The History Center’s growing collection of archival resources includes more than 2,500 cubic feet of manuscripts, maps, newspapers, photographs, oral histories, and other materials. Our reading room is open to the public for research during regular hours (M‑F, 8 – 5 and S, 9 – 1). Staff will answer phone, letter, and electronic queries in the order they are received.
Finding Guides offer more information about specific collections and are helpful tools for researchers.
We are in the process of digitizing many of our collections and have decided to make some of them available to view and download online. Please check back often as we add to the online collection of digital resources.
The History Center’s oral history collection contains more than 350 interviews conducted between 1954 and the present, with most from the 1980’s. Most have been transcribed and indexed. Life experiences in East Texas sawmill towns and logging camps, especially Diboll and related communities, during the early and middle twentieth century are well represented. Thad Sitton’s and James H. Conrad’s Nameless Towns: Texas Sawmill Communities, 1880 – 1942, published by the University of Texas Press in 1998, prominently features many of these interviews.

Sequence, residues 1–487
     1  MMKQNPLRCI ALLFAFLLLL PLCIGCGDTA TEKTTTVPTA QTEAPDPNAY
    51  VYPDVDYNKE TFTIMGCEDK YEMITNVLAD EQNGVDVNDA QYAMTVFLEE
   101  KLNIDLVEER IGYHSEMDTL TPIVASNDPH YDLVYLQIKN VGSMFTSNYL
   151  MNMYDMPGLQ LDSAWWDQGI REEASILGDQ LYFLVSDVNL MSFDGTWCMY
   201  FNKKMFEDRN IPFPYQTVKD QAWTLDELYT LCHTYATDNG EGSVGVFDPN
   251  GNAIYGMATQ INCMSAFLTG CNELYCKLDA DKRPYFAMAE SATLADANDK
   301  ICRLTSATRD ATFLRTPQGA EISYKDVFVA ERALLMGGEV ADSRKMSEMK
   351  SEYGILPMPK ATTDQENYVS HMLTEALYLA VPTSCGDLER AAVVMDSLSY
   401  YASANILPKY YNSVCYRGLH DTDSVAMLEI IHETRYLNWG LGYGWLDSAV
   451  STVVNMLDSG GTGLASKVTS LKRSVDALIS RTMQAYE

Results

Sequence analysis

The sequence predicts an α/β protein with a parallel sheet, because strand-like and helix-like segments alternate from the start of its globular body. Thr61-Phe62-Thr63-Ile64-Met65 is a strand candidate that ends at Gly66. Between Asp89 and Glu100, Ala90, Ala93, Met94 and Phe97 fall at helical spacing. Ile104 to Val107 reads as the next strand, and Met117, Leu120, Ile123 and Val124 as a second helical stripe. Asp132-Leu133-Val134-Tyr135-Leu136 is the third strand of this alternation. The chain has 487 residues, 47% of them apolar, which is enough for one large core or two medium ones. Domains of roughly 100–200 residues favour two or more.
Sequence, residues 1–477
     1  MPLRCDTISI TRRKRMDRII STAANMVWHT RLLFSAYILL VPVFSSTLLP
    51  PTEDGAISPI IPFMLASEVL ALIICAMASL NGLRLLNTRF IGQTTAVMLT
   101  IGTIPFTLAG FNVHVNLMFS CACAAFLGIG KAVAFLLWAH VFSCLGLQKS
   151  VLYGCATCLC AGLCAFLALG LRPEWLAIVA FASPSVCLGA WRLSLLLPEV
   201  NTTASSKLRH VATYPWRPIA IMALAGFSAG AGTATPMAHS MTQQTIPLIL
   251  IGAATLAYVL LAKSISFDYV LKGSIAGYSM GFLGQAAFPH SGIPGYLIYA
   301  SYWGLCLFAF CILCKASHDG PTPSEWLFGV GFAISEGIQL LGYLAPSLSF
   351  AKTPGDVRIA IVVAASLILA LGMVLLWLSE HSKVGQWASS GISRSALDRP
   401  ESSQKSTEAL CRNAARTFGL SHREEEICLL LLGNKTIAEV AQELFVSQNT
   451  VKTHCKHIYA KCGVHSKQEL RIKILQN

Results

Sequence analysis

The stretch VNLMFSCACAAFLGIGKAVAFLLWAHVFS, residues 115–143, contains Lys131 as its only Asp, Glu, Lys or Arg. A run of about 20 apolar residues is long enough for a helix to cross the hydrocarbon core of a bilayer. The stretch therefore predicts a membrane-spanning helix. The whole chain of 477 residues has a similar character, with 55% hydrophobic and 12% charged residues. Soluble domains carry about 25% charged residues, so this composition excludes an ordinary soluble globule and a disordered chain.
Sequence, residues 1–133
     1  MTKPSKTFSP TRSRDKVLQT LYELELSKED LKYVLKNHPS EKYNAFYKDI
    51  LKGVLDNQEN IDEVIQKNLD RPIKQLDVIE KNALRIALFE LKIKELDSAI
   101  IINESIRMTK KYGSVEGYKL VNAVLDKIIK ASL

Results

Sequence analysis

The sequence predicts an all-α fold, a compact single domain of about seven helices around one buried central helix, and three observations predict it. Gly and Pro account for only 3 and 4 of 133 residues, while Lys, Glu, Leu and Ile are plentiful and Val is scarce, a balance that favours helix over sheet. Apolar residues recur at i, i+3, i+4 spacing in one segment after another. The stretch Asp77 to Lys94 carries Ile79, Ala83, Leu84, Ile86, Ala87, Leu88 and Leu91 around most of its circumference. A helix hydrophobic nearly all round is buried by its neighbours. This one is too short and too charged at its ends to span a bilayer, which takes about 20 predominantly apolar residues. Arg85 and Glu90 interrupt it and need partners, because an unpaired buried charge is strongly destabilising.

The History Center’s photographic collections contain approximately 1 million images, dating from the late nineteenth century to the present. Images are primarily of people, places, and events in East Texas with an extensive representation of Diboll and Angelina County. Photographs, while not comprising the bulk of our holdings, are our most popular resources.
The History Center holds more than 65 linear feet of original printed newspaper issues and 700 reels of microfilm, mostly representing Angelina County from 1913 to the present. We also have a few issues from the cities of Galveston, Palestine, Pineland, and Rusk, among others. Notable collections include:
Our map collection consists of many thousands of maps of all sizes, primarily documenting East and Southeast Texas. Topographic, forest, highway, railroad, land ownership, and timber cruise maps comprise the bulk of the collection.
Our fastest growing archival component is our manuscript collections, which also comprise the bulk of our holdings. Most of these collections remain in an on-going state of processing. The largest business archives include records of Southern Pine Lumber Company and Temple Lumber Company, along with their various divisions and subsidiaries. We also have municipal records and a number of family and community collections.
In addition to the collections above, we have a number of other resources that are useful for family research, including various county and federal census records. We have federal population census records for most area counties for the years 1880, 1900, 1910, 1920, and 1930. We also have nineteenth century federal agricultural, manufacturing, and social statistics schedules for area counties.
The History Center maintains a growing library of local history, forest, Texana, and railroad books. We also have a collection of Diboll High School yearbooks and an active vertical file collection of regional history subjects.